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Author Topic: Patent trolling or not?  (Read 5789 times)


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Patent trolling or not?
« on: November 24, 2008, 08:13 AM »
The most people say they have a problem with software patents, so did I ... till now. It changed after some experiences I made during my observation of other products. They would stop the progress and new inventions and often are used only to get money without working with the help of lawyers. Now I´m affected by this problem myself and want to know what others are thinking. To understand it I´d tell you about the things that happend to me.

I´ve seen remarkable inventions that were working quite good a while till some "customers" recognized that they could patent the features and forbid the real makers to work with their own invention. Often it resulted in damages that costed the inventors in addition a lot of money. They´ve gone bankrupt and had a very big debts from then on. Now I made a very special software invention that effects other software/processes/systems/physical devices and don´t want to make the same faults. The development of the product completed for about 1 year and has been tested at some selected customers with very big success and a heavy request for it. A patent is not existing in any way till now and there´s no program from others that have a similar feature/effect. So I decided to apply a patent next year. While searching for additional fitting ideas I was designing a new program. Now I found out that some firm has made exactly the same invention. I talked a little bit with the inventors and so remarked that they don´t have patented their best and biggest idea and they had a lot of financial problems during the last year. The firm hast now (this month) gone bankrupt and closed the doors. They sold their complete software bulk to a new firm last week. So I think about including their invention as a part of mine and develop my own perfect product line. This would mean I could forbid others to use the software without any personal permission or licences.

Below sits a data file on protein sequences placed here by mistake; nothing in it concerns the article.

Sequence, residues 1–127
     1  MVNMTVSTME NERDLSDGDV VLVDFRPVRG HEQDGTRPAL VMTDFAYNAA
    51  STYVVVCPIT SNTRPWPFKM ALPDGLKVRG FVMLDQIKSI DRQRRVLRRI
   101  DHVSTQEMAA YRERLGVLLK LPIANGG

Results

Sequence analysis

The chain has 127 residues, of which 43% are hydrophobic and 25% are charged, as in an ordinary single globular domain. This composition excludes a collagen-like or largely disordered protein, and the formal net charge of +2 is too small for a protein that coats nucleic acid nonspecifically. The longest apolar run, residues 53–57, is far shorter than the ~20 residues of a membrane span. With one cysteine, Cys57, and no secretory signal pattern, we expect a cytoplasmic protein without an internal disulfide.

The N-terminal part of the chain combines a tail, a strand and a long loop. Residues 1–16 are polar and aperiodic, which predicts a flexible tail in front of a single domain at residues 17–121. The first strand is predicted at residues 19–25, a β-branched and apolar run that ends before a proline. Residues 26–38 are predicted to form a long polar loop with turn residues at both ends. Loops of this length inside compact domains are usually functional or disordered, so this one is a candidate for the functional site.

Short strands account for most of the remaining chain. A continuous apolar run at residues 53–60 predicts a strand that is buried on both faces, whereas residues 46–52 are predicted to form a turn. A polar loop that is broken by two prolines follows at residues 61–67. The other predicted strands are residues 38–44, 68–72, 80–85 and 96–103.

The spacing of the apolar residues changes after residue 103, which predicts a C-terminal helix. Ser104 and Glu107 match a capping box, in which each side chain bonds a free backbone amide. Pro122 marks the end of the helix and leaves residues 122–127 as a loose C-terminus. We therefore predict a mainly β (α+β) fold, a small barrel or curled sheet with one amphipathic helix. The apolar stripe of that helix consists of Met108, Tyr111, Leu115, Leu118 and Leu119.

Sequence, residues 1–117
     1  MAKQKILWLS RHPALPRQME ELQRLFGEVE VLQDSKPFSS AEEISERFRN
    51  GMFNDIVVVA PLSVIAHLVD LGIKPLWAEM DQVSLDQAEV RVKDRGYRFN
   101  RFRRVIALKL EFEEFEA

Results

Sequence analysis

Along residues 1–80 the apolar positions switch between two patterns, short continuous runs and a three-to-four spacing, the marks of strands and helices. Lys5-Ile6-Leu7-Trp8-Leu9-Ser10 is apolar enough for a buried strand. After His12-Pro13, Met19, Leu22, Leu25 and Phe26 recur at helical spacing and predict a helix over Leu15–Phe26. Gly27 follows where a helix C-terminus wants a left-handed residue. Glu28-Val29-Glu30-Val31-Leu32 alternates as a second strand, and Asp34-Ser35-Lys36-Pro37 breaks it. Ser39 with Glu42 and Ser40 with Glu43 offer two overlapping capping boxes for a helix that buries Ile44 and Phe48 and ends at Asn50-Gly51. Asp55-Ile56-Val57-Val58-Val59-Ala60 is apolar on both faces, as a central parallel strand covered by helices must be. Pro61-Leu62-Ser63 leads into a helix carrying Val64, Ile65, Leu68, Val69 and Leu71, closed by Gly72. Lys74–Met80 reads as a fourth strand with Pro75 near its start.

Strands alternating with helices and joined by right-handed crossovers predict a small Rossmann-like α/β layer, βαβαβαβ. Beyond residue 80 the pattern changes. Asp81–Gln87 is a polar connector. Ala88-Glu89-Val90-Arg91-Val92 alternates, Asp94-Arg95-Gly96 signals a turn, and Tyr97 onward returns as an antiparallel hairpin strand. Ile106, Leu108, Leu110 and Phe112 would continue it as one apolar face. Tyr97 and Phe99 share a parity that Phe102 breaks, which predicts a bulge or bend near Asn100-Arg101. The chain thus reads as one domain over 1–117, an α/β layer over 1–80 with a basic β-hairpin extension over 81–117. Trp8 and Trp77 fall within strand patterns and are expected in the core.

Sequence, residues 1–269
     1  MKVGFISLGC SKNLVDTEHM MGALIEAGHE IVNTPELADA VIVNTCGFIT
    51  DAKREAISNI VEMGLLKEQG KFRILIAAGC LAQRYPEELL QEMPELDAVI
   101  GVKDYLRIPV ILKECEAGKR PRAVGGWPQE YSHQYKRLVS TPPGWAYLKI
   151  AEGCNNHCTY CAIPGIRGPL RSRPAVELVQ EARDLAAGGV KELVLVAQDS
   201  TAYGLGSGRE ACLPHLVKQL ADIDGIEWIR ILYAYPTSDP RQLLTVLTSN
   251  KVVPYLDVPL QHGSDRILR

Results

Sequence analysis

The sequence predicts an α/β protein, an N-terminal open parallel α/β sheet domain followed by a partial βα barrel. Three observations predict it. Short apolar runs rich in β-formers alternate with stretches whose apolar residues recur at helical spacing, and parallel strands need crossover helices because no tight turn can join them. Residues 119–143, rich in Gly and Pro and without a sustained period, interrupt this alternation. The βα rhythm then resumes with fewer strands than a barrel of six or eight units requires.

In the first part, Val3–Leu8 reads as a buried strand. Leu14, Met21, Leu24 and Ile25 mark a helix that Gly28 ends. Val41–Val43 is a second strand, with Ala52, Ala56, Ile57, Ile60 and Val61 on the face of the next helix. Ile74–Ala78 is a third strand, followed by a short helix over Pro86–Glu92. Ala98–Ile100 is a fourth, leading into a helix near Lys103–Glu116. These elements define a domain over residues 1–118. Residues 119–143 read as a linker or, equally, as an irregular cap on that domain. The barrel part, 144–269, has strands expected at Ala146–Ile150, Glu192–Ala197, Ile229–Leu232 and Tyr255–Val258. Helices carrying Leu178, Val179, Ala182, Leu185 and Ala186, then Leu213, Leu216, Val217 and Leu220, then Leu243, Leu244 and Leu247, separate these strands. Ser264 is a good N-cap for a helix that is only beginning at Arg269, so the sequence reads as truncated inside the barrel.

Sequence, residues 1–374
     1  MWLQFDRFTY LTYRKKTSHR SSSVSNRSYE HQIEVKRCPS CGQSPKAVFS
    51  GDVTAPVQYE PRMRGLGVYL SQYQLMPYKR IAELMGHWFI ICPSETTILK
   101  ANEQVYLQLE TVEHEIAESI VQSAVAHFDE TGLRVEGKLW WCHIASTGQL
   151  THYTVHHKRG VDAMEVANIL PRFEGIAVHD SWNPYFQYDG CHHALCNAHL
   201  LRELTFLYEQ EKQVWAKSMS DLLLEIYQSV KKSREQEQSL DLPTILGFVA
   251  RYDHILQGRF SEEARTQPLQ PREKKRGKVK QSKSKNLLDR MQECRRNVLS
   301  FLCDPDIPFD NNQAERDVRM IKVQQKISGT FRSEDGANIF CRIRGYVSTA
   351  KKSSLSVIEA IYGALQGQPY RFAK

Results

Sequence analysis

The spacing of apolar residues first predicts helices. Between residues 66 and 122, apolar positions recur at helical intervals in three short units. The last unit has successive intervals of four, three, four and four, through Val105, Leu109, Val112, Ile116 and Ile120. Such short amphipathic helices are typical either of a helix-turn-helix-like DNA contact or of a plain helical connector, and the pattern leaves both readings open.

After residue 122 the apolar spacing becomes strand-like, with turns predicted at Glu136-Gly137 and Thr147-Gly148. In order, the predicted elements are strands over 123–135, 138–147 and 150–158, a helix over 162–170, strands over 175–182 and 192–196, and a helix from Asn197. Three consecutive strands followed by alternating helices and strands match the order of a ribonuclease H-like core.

Ok, I know it´s not a very kind way to earn money this way, but don´t forget: The biggest and newest part of the invention will come from myself. The other part is only a rather small piece from the software-bulk (only one product of five or more) that has been bought by the other firm that is very very big in business. I had the same ideas without knowing from the other product. So I decided to make the other´s invention part of my patent. A lot of firms make software-patents and earn a lot of money with it even without having an own product containing their patent only by sueing others for damages. I have a ready for starting product that I want to use on my own or later on several assistants as a service. I don´t plan in the near future to give away the software directly to customers by licence because of some heavy special problems that could appear with false usage and I don´t want to be taken to court because of others´ faults. I have a small family that has to be regarded and a lot of firms have earned a lot of money with my very special work during the last 10 years. I want to stop that and do things on my own from now on. Now money is getting more important for me than my conscience relating to scriples in software-patents.

I arrived at a decision. Now I´d like to know what you think about my plan to include the other patent in mine. If you´d have the same thaughts about money and your future, would you decided the same way or not ... and why? Please only answer with a comprehensible and logical declaration that leads to your decision. Perhaps you have some hints or tips what I should do or not do because of any unregarded reasons. I´m thankful for any following helping answer and opinion.


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Re: Patent trolling or not?
« Reply #1 on: November 26, 2008, 11:34 AM »
If the idea is truly novel and non-obvious to an expert in your field, then I would support a patent, even if it is a software patent. I think the problem with some software patents granted are that they are not novel and not non-obvious to someone working in computer programming. It doesn't make sense to patent every single way that you can solve a problem but if it is indeed some method that is not known or could be developed easily by someone else working on the same problem, then I say go for it.

I think the key question to ask is if you gave the problem you solved to a large group of programmers, would someone come up with a similar idea when solving your problem. If no, then I say you can patent it. If you think that there is a good possibility that someone else would think of it, then I say that it is not patentable.

However, patent offices have some weird ideas about what can be patented and what can not. I think we should start a topic in General Discussion about software patents and what should be patentable and what cannot as well as list some real life examples.
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